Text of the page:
A study published in the journal Cancer Research now links periodontal (a.k.a. gum) disease, which can be caused by not brushing your teeth on the regular, with esophageal cancer, or cancer of that tube that runs from your throat to your stomach. Seriously? Could not brushing your teeth be a cause of throat cancer?
It just might be: For the study, researchers took mouth samples from 122,000 people and, after 10 years, 106 people had developed esophageal cancer. The researchers discovered that people who developed esophageal cancer were more likely to have higher levels of certain types of bacteria in their mouths. Called Tannerella forsythia and Porphyromonas gingivalis, these two types of bacteria are also linked to gum disease. (Tannerella forsythia in particular was linked to a 21 percent increased risk of developing esophageal cancer.) These bacteria can take hold in your gums when you don't brush regularly, increasing your odds of developing periodontal disease.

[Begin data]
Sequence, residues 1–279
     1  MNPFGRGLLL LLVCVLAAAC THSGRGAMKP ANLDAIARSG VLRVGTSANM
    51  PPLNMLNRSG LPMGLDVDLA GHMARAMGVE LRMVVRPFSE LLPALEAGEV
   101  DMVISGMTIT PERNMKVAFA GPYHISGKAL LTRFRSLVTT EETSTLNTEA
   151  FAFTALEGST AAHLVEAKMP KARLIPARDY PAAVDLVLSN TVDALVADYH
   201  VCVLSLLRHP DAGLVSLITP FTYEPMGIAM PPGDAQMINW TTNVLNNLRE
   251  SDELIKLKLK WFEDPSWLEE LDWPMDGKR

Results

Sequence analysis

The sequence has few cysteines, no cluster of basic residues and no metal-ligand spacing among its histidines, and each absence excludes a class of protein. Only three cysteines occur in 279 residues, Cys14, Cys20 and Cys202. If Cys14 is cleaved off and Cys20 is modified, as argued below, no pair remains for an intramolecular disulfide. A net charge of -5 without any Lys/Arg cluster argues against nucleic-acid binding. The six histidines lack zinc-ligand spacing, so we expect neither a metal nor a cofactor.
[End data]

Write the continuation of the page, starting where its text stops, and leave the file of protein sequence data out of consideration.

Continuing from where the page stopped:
However, it's worth pointing out a few major caveats: One, the researchers didn’t have complete information on the study participants’ oral health, so it was hard for them to say if the bacteria alone caused throat cancer or if the participants actually had to have periodontal disease to have an increased risk.
Also, it’s important to remember that this study looked at the types of bacteria linked to esophageal cancer, not teeth-brushing habits. So it's possible that the people who developed esophageal cancer also just happened to have crummy oral hygiene.
Still, the results are pretty disturbing. After all, periodontal disease has already been linked with some types of oral, head, and neck cancers, so clearly keeping your teeth clean is important for your overall health.
So seriously: Make it a point to brush your teeth twice a day. It could do a lot more for your overall health than you’d think.
This article originally appeared on Women’s Health US.